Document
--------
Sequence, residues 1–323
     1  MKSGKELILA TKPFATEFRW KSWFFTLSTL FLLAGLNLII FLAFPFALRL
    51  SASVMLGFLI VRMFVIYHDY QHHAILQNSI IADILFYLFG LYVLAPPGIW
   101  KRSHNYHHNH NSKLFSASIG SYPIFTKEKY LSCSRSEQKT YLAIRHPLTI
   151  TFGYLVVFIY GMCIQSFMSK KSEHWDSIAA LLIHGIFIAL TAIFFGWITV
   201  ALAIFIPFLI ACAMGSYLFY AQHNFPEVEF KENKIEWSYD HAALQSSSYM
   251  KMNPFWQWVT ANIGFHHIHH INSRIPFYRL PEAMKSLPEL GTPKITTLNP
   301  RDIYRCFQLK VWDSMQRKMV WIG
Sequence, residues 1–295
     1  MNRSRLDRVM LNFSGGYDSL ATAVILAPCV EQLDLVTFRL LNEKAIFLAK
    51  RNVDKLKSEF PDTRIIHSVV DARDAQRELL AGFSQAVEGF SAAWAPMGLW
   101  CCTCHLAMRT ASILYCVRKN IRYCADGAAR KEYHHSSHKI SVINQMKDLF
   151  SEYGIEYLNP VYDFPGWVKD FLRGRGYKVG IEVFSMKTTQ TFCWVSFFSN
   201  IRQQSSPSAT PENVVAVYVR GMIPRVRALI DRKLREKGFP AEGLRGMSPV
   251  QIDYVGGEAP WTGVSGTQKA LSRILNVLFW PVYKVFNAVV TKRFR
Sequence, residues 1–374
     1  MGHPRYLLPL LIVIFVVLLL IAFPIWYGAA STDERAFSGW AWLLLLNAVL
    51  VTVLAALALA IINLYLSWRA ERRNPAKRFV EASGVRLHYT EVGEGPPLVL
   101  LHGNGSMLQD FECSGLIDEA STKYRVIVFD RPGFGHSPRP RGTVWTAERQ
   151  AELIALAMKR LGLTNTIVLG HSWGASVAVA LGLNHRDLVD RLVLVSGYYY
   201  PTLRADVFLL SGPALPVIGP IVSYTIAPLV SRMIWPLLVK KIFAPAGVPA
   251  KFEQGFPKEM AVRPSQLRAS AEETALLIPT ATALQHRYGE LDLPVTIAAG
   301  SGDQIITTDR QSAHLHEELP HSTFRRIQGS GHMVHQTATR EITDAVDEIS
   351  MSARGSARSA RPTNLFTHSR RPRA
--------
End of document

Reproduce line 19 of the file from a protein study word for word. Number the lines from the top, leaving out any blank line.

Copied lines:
   101  LHGNGSMLQD FECSGLIDEA STKYRVIVFD RPGFGHSPRP RGTVWTAERQ